EU climate policies make Cyprus flights, shipping more costly
Nicosia argues that greener EU transport policies will disproportionately impact Cyprus holiday flights and shipping costs.
Minister for Transport Yiannis Karousos and Deputy Minister for Shipping Vassilis Demetriades were in Brussels this week to discuss the implications of EU proposals to reduce pollution from the transport sector.
In a statement made during their visit, the two ministers explained that if the proposals are implemented, they are expected to bring additional costs to airlines which will be borne by consumers while also increasing the cost of maritime transport and, therefore, the cost of imports.
Karousos and Demetriades also noted that Cyprus has analysed the implications of these measures for all EU member states and have specific proposals to mitigate this impact.
They will continue the discussion with fellow EU ministers as work continues on the legislative package proposed by the Commission and amended by the parliament and the Council.
Karousos said they put forward concerns and initiatives such as creating a “self-allowance mechanism” that would give airlines incentives “to use more biofuel in a shorter time frame and at a lower cost.”
He said that Cyprus has carried out an analysis of how the legislative package will affect aviation, the country’s economy, and the economy of other EU states.
“This study is now being used as a reference point.
“Cyprus may face a competitive disadvantage as the cost of a flight to Cyprus by 2035 will be much higher compared to third countries such as Egypt and Turkey.”
The measures that will come into force in 2025 are estimated to cost about $220 mln per year to airlines, while in 2030, the cost will rise to $520 mln.
Estimates suggest the total cost will reach $821 mln in 2035, Karousos argued.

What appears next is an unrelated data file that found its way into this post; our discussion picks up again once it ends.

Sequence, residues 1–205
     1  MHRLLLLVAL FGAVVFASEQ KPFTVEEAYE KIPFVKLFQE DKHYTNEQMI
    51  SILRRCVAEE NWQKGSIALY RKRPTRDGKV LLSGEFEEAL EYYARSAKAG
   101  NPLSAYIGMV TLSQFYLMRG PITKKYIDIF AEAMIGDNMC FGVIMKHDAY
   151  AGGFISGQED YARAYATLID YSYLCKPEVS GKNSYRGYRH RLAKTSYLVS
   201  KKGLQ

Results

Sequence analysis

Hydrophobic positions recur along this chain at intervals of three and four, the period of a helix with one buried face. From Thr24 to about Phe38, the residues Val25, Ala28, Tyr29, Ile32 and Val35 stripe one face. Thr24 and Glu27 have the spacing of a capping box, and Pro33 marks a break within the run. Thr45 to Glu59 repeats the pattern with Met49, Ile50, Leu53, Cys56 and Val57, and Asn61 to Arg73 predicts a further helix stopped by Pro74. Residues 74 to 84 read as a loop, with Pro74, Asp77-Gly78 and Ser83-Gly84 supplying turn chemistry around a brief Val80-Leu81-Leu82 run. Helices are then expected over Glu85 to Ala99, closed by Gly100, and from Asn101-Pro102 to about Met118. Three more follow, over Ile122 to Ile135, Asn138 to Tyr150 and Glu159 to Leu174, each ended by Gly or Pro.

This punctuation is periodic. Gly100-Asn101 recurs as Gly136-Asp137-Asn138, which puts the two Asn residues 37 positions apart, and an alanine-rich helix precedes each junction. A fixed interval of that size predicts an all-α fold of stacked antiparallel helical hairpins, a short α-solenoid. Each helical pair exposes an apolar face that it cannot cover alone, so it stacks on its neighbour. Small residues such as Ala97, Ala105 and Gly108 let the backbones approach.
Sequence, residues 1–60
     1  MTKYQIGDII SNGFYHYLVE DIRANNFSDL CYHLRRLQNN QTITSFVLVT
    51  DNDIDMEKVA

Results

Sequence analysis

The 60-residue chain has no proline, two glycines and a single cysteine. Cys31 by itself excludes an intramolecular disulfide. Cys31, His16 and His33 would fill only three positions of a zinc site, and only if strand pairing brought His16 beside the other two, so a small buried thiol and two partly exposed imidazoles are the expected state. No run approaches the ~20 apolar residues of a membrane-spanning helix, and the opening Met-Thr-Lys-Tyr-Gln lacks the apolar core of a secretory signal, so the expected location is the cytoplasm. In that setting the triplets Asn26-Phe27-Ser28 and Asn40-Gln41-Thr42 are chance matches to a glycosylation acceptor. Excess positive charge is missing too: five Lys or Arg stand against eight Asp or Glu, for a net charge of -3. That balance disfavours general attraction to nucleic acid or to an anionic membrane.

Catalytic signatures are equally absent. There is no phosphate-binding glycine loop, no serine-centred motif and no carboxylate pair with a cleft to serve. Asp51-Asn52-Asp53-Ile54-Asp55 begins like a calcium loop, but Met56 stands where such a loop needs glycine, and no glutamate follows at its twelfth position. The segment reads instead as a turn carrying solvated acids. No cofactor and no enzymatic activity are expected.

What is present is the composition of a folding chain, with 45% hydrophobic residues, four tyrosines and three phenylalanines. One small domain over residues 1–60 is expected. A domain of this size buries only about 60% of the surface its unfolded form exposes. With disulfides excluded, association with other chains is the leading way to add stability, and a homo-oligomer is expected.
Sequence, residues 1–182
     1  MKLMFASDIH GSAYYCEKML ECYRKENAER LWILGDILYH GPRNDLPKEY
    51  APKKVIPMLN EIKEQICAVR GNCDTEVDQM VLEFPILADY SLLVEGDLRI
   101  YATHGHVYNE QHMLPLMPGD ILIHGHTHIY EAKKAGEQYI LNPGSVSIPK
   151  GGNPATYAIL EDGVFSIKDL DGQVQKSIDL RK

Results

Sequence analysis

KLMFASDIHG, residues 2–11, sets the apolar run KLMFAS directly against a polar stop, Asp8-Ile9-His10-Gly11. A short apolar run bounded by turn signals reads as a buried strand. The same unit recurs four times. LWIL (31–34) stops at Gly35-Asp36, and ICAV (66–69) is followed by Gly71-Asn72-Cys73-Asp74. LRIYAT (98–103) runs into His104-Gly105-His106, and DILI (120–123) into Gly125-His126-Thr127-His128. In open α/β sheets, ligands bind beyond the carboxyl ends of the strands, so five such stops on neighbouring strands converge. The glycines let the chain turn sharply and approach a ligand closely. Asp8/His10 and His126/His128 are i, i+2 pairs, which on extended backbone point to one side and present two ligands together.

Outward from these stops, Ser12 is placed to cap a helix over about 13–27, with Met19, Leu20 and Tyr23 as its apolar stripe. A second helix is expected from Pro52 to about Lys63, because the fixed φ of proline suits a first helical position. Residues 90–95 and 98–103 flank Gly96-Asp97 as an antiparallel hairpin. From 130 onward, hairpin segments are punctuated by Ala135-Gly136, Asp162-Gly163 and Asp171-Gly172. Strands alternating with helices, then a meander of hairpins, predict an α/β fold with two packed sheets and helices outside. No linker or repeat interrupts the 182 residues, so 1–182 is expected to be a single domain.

In the case of Cyprus, Karousos pointed out that airlines operating flights to the country will have to face additional costs of up to around €800 mln after 2035.
“These costs will be passed on to passengers, negatively impacting tourism and the economy.
“Given this data and if our concerns are not taken into account, it is estimated that Cyprus will lose about 15 to 20% of its tourism with a reduction of 1.7% in the country’s GDP per year.”
Karousos said by the time the climate neutrality target is reached in 2050; airlines will bear costs of up to $18 bln.
Shipping is the second most important sector for the Cypriot economy after tourism.
Demetriades agreed that shipping must contribute to reducing emissions, but the Brussels proposals would have disproportionate costs for Cyprus.
“As you know, all trade inputs to Cyprus – all goods – are transported by sea, and it is estimated that the cost of maritime transport will increase by around 25% by 2032.”
Demetriades said that during contacts with MEPs, rapporteurs and representatives of the European Commission, the two ministers highlighted “the particularities of Cyprus as an island state and made suggestions for their improvement, especially regarding the issue; of pollutant trading allocation.”
“We ask that the mechanism for collecting allowances should change its philosophy and be based on the ship’s flag when it comes to ships with EU member state flags, and not on the state of the port of call.”
He said that Cyprus favours a “separate fund for shipping so that revenues generated by maritime transport can be used to finance research projects aimed at finding and making available alternative fuels of non-fossil origin to the shipping industry, which will lead to the decarbonisation of the sector”
Source: Financial mirror